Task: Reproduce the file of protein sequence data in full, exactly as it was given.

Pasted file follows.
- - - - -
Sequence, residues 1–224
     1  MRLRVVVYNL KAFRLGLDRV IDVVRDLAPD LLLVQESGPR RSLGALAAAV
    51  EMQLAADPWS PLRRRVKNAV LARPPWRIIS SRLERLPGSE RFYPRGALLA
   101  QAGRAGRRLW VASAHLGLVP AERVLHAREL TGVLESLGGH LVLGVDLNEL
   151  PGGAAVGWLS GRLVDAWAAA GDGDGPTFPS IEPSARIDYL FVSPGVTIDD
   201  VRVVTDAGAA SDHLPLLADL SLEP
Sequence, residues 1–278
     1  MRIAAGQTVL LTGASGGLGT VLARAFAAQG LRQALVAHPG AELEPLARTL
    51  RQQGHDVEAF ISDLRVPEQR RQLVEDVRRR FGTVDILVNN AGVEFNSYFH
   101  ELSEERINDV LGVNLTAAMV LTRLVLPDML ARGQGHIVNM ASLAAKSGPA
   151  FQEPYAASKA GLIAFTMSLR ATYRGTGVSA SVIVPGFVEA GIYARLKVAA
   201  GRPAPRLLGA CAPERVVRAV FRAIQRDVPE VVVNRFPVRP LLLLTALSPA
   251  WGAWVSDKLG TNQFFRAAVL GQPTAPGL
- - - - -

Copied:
Sequence, residues 1–224
     1  MRLRVVVYNL KAFRLGLDRV IDVVRDLAPD LLLVQESGPR RSLGALAAAV
    51  EMQLAADPWS PLRRRVKNAV LARPPWRIIS SRLERLPGSE RFYPRGALLA
   101  QAGRAGRRLW VASAHLGLVP AERVLHAREL TGVLESLGGH LVLGVDLNEL
   151  PGGAAVGWLS GRLVDAWAAA GDGDGPTFPS IEPSARIDYL FVSPGVTIDD
   201  VRVVTDAGAA SDHLPLLADL SLEP
Sequence, residues 1–278
     1  MRIAAGQTVL LTGASGGLGT VLARAFAAQG LRQALVAHPG AELEPLARTL
    51  RQQGHDVEAF ISDLRVPEQR RQLVEDVRRR FGTVDILVNN AGVEFNSYFH
   101  ELSEERINDV LGVNLTAAMV LTRLVLPDML ARGQGHIVNM ASLAAKSGPA
   151  FQEPYAASKA GLIAFTMSLR ATYRGTGVSA SVIVPGFVEA GIYARLKVAA
   201  GRPAPRLLGA CAPERVVRAV FRAIQRDVPE VVVNRFPVRP LLLLTALSPA
   251  WGAWVSDKLG TNQFFRAAVL GQPTAPGL